The irritation test on volunteers who observed the irritation test of the hand sanitizer gel from lobster shell chitosan did not show any irritation reactions, such as redness, itching, and crusting on the skin. Therefore, it can be concluded that the hand sanitizer gel preparation is safe to use.

Table 8. Antibacterial test against E. coli for gel hand sanitizer.

[Click here to view]

Table 9. Antibacterial test against S. aureus for gel hand sanitizer.

[Click here to view]

Figure 4. Preparation of gel hand sanitizer with chitosan concentrations of 1.5%, 3%, and 4.5%.

[Click here to view]

Gel hand sanitizer antibacterial activity results against E. coli and S. aureus

The results of the antibacterial activity (Tables 8 and 9) showed that the inhibition zone formed from the hand sanitizer gel from freshwater lobster shell chitosan was categorized as having medium inhibition. According to Davis and Stout (1971), the inhibitory zone formed on the media can be categorized into four categories, namely weak inhibition is the inhibition zone of less than 5 mm, medium inhibition is the inhibition zone of 5–10 mm, strong inhibition is the inhibition zone of 10–19 mm, and very strong inhibition is the inhibition zone of values more than 20 mm (Silaban et al., 2022).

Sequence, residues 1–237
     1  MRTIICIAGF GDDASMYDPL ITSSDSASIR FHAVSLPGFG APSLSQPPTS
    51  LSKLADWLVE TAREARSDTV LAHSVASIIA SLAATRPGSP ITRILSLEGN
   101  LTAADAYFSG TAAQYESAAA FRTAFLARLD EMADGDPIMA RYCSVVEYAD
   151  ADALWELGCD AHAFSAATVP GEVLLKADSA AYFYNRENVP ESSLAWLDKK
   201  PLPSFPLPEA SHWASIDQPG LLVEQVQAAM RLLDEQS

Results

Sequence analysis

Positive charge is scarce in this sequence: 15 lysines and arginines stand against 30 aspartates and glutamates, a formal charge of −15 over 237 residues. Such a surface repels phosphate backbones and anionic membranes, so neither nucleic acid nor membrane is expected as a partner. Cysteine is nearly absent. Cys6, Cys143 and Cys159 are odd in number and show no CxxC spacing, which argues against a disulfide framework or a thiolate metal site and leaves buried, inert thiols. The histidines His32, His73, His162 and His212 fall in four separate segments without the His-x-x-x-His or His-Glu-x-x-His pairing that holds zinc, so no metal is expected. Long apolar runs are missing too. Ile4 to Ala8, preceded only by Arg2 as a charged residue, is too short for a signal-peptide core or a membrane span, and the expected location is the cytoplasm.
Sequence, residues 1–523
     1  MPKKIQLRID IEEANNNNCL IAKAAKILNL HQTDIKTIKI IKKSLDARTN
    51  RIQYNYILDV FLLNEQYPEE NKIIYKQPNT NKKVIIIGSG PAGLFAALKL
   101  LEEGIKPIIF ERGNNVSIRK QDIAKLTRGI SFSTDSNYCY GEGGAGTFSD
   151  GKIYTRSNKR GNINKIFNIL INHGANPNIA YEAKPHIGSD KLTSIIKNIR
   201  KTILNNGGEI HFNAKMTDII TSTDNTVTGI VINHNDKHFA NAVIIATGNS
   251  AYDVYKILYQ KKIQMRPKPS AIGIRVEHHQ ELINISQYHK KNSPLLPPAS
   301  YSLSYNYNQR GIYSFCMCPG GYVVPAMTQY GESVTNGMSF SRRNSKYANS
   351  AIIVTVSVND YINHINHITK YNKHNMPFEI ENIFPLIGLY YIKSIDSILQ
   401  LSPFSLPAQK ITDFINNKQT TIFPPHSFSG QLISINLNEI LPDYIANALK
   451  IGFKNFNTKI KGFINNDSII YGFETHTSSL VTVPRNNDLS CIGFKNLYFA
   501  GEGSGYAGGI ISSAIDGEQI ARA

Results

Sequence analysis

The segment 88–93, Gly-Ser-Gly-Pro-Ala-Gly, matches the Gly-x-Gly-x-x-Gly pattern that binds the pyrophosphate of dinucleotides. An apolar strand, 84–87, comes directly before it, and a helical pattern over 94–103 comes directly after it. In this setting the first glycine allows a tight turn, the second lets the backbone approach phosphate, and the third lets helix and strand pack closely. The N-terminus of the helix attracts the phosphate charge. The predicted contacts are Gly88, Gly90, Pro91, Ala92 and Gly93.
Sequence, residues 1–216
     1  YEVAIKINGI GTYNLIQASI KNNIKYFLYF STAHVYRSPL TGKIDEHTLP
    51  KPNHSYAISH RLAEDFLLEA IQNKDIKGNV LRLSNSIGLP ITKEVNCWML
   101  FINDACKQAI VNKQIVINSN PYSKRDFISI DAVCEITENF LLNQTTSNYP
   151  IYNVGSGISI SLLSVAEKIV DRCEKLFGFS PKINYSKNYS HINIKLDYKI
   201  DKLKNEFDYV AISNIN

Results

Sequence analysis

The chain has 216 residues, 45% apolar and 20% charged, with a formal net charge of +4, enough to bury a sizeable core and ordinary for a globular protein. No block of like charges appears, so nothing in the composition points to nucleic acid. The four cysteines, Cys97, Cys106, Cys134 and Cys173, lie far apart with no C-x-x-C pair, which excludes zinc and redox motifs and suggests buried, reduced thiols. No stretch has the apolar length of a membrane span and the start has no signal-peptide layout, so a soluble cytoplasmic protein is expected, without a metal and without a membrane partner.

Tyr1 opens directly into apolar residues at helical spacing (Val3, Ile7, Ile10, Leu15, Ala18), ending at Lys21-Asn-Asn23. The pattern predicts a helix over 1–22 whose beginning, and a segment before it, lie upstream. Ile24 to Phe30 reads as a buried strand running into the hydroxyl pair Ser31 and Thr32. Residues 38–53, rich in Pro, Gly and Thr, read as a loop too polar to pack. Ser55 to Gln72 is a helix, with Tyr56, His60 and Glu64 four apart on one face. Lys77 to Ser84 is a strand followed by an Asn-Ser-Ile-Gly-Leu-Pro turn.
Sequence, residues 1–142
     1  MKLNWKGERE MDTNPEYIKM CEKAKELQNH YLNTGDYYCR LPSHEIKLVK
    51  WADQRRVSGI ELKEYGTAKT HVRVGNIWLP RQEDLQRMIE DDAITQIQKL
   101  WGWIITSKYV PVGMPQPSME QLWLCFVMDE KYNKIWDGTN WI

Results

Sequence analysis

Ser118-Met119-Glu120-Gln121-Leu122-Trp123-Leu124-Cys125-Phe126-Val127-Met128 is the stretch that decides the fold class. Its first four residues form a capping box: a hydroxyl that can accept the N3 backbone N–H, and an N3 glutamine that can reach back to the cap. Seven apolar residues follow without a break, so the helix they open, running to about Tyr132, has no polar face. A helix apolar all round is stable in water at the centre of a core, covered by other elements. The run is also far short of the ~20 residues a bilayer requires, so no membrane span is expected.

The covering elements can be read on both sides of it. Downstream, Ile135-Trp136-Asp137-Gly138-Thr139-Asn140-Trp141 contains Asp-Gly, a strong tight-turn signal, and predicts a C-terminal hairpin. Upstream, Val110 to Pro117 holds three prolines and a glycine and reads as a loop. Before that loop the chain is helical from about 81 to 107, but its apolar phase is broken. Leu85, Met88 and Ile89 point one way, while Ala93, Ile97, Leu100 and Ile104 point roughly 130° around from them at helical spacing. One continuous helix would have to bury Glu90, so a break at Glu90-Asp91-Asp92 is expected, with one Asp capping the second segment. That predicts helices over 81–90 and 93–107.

Figure 5. Homogeneity test.

[Click here to view]


CONCLUSION

Chitosan from freshwater lobster shells was formulated into a stable hand sanitizer gel that does not change for 3 weeks of storage at room temperature. Chitosan from freshwater lobster showed antibacterial activity against E. coli bacteria with resulting inhibition zones of 8.1, 8.2, and 8.8 mm and S. aureus bacteria with resulting inhibition zones of 8, 9.2, and 10 mm, and therefore it is categorized as having moderate inhibition and can be applied in the manufacture of hand sanitizer gel preparations.